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TL;DR: I'm assuming that if GnuPG made it a default then it should be what we use, but it used "bad" defaults in the past so I'm wondering if there are any tradeoffs to this? More specifically: is ECC 25519 sufficiently adopted by now so that it wouldn't give any compatibility issues as cited by some people in the last couple of years? And can we safely use ECC 25519 then?

Early on, GnuPG defaults weren't quite good, driving the creation of some hardening guides such as Riseup's OpenPGP best practices guide. Currently, however, that guide says we should stick to GnuPG's defaults:

This guide is deprecated, you only need to use the defaults because GnuPG is doing sane things. Just keep your software up-to-date. That is it, you are done! If you had previously tweaked your configurations, you should consider starting over with a base configuration, so you do not have outdated recommendations that are less secure than the defaults.

Over 3 years ago, this question was asked on which one to use on key generation - RSA or ECC, since there was the Curve 25519 option newly available (only NIST and Brainpools were available before that). The answer says either way is fine but that ECC still wasn't widely supported.

And 2 years ago, this question was asked to compare RSA 4096 vs ECC 25519. Both were said to be vulnerable to quantum computing in the answers, although some don't think that is a risk worthy of worrying about now. This post on CryptoStackExchange runs some comparisons.

As far as ECC security goes, the website SafeCurves by B. J. Bernstein compares the different curves. 25519 is apparently much more secure than the other 2 options GnuPG currently gives us (NIST P-384 and Brainpool P-256), so I'd assume 25519 to be secure.

But how does that compare with RSA? Before this new default, GnuPG used to recommend GnuPG 3072, and some people used to opt for 4096.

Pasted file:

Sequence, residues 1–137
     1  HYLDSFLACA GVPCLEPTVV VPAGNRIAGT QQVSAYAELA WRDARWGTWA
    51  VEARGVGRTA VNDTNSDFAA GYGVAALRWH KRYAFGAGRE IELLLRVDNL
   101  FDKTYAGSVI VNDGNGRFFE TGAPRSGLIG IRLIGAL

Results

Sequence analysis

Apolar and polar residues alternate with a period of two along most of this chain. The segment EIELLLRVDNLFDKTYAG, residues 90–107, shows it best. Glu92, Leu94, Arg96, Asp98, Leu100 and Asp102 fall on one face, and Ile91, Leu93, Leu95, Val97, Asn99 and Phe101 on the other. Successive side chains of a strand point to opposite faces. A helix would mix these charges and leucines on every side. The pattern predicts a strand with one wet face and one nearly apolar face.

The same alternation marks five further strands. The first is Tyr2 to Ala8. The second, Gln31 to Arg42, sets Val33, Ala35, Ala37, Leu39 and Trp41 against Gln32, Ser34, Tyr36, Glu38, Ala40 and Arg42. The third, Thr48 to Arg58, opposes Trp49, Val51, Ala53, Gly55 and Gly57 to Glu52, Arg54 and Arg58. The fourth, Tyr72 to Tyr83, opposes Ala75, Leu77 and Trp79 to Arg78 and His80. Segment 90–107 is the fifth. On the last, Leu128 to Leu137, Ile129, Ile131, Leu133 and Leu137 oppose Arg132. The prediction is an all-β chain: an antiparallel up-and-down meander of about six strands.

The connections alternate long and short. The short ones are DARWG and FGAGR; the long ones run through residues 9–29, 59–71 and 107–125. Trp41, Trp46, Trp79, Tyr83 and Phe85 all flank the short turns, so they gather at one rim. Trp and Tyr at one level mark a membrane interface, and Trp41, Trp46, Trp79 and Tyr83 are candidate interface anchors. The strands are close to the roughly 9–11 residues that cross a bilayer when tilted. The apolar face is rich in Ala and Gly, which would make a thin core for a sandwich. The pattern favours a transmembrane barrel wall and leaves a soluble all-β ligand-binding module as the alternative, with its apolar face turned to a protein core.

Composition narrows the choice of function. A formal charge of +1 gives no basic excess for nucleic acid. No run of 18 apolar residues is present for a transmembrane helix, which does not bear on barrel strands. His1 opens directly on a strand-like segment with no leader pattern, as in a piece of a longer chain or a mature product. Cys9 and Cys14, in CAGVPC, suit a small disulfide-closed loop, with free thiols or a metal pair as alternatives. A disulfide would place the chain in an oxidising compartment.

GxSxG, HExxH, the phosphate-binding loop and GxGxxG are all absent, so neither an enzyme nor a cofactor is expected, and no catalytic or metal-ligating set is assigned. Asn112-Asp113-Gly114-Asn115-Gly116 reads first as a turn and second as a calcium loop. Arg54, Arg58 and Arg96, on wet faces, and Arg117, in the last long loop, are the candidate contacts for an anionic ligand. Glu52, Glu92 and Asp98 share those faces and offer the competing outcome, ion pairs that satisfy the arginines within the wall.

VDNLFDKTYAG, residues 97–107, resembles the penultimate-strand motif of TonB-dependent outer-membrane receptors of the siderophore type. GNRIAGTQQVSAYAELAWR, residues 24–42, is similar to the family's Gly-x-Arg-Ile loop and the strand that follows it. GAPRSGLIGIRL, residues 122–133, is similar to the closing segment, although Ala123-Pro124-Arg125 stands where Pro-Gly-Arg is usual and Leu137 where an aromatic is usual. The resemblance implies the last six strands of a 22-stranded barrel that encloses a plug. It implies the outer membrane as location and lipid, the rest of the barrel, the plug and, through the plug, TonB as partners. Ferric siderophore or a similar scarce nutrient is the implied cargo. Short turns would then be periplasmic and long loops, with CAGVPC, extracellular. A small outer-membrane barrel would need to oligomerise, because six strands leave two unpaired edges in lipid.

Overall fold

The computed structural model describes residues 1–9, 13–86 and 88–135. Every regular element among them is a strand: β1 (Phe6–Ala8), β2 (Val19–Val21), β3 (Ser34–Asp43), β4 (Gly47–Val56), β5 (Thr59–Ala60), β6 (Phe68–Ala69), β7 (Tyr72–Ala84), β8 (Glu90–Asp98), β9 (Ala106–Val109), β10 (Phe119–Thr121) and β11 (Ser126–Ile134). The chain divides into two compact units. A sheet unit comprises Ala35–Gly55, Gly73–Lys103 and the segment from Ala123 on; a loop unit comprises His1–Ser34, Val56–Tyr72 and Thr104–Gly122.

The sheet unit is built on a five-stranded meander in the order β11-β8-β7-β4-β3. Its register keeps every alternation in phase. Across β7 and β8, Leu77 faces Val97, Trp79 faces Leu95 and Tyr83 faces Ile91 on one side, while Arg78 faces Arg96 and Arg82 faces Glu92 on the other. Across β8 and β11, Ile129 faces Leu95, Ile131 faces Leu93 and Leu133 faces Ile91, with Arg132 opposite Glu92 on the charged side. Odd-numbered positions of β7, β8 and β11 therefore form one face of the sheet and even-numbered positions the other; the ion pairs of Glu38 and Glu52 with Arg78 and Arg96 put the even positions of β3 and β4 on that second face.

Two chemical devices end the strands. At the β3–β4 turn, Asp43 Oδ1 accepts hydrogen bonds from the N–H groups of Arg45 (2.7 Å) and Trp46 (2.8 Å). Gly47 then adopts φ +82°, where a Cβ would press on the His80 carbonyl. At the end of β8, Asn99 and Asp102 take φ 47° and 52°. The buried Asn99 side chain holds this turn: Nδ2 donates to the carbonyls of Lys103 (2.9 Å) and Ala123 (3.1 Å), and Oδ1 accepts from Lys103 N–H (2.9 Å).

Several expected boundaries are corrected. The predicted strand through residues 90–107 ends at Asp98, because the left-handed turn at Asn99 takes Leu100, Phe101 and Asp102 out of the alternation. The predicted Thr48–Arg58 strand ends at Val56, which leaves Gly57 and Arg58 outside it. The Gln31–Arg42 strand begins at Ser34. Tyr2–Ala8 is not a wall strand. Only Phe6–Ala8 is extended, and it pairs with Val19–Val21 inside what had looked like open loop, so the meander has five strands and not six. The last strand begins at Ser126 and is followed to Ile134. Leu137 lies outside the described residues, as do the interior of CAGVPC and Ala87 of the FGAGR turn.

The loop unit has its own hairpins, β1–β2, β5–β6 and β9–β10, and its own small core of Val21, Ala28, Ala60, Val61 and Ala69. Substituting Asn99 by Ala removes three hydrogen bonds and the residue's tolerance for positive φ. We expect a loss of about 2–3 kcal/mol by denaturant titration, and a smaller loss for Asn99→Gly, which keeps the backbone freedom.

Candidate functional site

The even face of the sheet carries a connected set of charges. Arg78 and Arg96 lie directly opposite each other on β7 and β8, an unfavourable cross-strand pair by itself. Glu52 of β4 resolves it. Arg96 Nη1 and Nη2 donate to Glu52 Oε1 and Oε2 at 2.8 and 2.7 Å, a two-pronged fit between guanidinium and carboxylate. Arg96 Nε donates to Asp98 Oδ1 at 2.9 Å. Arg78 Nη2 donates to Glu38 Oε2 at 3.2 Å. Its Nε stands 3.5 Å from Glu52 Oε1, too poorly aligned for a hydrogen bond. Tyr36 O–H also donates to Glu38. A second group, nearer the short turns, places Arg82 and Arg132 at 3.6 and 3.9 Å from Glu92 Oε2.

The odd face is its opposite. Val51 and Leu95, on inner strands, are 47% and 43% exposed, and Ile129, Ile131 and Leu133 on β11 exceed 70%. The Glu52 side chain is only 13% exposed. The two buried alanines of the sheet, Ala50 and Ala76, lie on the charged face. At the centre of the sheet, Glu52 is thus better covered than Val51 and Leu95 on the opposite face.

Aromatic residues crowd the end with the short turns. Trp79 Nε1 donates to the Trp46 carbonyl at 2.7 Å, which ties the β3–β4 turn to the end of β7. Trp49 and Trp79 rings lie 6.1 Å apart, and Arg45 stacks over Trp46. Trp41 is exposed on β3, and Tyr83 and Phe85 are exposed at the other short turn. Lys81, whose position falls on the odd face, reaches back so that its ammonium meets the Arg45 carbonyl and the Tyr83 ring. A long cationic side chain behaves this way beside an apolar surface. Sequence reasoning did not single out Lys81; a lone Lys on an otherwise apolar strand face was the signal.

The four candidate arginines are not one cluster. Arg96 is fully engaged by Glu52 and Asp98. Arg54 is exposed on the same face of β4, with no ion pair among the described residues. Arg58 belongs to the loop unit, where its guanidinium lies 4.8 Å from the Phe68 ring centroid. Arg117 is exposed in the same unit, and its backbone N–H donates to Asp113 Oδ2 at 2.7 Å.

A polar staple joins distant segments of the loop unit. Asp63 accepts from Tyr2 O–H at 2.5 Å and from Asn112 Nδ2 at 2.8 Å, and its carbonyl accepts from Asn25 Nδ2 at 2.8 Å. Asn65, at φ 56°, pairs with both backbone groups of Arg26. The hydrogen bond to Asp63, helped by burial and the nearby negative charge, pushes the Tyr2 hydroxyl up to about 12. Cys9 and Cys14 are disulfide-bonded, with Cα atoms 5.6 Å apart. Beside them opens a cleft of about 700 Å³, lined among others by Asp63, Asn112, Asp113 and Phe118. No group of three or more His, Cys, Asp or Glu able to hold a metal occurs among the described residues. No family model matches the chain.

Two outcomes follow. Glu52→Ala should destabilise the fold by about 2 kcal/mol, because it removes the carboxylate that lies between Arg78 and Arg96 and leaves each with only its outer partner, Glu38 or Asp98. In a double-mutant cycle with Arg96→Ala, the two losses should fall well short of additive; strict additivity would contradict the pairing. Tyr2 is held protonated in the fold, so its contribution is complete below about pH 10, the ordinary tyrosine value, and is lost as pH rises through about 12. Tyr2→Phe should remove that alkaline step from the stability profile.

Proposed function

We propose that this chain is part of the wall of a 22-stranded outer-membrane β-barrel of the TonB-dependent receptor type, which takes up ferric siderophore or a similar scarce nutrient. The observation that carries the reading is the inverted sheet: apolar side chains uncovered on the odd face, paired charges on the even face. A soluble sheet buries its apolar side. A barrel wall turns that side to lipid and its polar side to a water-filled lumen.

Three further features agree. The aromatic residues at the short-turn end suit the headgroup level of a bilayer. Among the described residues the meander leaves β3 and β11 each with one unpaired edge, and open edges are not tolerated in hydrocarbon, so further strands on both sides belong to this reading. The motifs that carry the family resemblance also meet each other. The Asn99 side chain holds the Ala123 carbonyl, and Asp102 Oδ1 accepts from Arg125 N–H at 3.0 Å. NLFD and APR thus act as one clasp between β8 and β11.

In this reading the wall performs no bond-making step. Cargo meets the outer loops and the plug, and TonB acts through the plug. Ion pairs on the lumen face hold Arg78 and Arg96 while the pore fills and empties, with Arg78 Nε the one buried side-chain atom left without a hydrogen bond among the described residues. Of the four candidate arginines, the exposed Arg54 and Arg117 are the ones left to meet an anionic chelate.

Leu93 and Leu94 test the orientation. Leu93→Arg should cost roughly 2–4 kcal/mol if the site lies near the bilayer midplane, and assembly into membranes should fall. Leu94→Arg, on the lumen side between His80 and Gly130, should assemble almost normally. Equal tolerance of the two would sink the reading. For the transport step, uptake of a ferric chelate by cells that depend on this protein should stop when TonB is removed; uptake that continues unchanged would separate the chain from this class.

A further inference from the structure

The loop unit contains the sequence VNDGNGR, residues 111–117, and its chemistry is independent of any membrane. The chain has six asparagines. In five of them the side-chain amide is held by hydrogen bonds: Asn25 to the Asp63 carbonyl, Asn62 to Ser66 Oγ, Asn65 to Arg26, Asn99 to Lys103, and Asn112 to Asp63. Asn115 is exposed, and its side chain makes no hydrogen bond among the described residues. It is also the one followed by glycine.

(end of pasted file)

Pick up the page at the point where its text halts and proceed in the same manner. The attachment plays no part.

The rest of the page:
This more recent post from 2020 says either RSA or ECC should be fine, and that "it is a matter of opinion." I'm no expert but is it? There should be a better choice.

GnuPG's FAQ reads:

The future is elliptical-curve cryptography, which will bring a level of safety comparable to RSA-16384. Every minute we spend arguing about whether we should change the defaults to RSA-3072 or more is one minute the shift to ECC is delayed. Frankly, we think ECC is a really good idea and we’d like to see it deployed as soon as humanly possible.

Which they have now delivered.

My understanding after researching this, and considering that I am not a security or crypto expert, is that ECC 25519 and RSA 4096 would give comparable security, the only difference being the size -- ECC 25519 seems to be more space-efficient and smaller, and thus quicker. But there's the compatibility debate.

I'm assuming that if GnuPG made it a default then it should be what we use, but it used "bad" defaults in the past so I'm wondering if there are any tradeoffs to this? More specifically:

  • Is ECC 25519 sufficiently adopted by now so that it wouldn't give any compatibility issues as cited by some in the last couple of years? And can we safely use ECC 25519 then?
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Ed25519 and ECDH with Curve25519 have been supported in GnuPG since 2.1. Most OSes, with the exception of CentOS 7, have version 2.2 or newer, so it's possible to use Ed25519 and Curve25519 for almost all operating systems. Additionally, most other OpenPGP implementations support them as well.

These curves have a security strength of approximately 128 bits, which is equivalent to a 3072-bit RSA key. The benefit is that the keys and signatures are much smaller and it is much easier to make implementations of Ed25519 and Curve25519 constant time. These algorithms are considered robust and secure and they are probably the most preferred algorithms right now. In fact, NIST has added support for them to the next draft FIPS standard.

In addition, RSA in OpenPGP uses PKCS #1 v1.5 padding. This padding, unlike the newer RSA-PSS (for signatures) and RSA-OAEP (for encryption) is very easy to accidentally make into a decryption oracle using an attack called the Bleichenbacher attack. Even implementations like OpenSSL have suffered from this problem. The OpenPGP working group does not seem interested in fixing this, and as such, RSA in OpenPGP is probably not the best choice if you can avoid it.

I would strongly encourage the use of Ed25519 and ECDH with Curve25519 (or their equivalents with Curve448) for new keys. Only if you are certain that your tooling doesn't support them should you use an RSA key.

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